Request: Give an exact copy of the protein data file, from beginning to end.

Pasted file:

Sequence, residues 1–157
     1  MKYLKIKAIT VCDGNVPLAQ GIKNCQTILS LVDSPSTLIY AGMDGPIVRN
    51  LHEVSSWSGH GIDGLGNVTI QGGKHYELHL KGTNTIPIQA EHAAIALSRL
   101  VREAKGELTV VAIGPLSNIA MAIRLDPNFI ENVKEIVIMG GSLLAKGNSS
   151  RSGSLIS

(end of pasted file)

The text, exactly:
Sequence, residues 1–157
     1  MKYLKIKAIT VCDGNVPLAQ GIKNCQTILS LVDSPSTLIY AGMDGPIVRN
    51  LHEVSSWSGH GIDGLGNVTI QGGKHYELHL KGTNTIPIQA EHAAIALSRL
   101  VREAKGELTV VAIGPLSNIA MAIRLDPNFI ENVKEIVIMG GSLLAKGNSS
   151  RSGSLIS